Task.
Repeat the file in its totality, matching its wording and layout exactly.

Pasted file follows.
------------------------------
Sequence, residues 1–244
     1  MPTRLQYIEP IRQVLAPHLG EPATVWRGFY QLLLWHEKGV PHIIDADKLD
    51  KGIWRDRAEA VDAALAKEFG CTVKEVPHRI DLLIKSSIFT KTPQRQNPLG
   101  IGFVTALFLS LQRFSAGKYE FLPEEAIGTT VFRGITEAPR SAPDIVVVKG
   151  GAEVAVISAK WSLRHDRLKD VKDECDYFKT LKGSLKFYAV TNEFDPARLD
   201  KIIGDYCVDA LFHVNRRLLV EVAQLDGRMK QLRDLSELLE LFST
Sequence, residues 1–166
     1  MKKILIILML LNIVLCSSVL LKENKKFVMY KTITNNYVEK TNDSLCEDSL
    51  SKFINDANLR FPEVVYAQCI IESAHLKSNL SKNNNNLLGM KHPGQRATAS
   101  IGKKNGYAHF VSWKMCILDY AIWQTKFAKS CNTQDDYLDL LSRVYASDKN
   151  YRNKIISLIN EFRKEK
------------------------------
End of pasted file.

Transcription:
Sequence, residues 1–244
     1  MPTRLQYIEP IRQVLAPHLG EPATVWRGFY QLLLWHEKGV PHIIDADKLD
    51  KGIWRDRAEA VDAALAKEFG CTVKEVPHRI DLLIKSSIFT KTPQRQNPLG
   101  IGFVTALFLS LQRFSAGKYE FLPEEAIGTT VFRGITEAPR SAPDIVVVKG
   151  GAEVAVISAK WSLRHDRLKD VKDECDYFKT LKGSLKFYAV TNEFDPARLD
   201  KIIGDYCVDA LFHVNRRLLV EVAQLDGRMK QLRDLSELLE LFST
Sequence, residues 1–166
     1  MKKILIILML LNIVLCSSVL LKENKKFVMY KTITNNYVEK TNDSLCEDSL
    51  SKFINDANLR FPEVVYAQCI IESAHLKSNL SKNNNNLLGM KHPGQRATAS
   101  IGKKNGYAHF VSWKMCILDY AIWQTKFAKS CNTQDDYLDL LSRVYASDKN
   151  YRNKIISLIN EFRKEK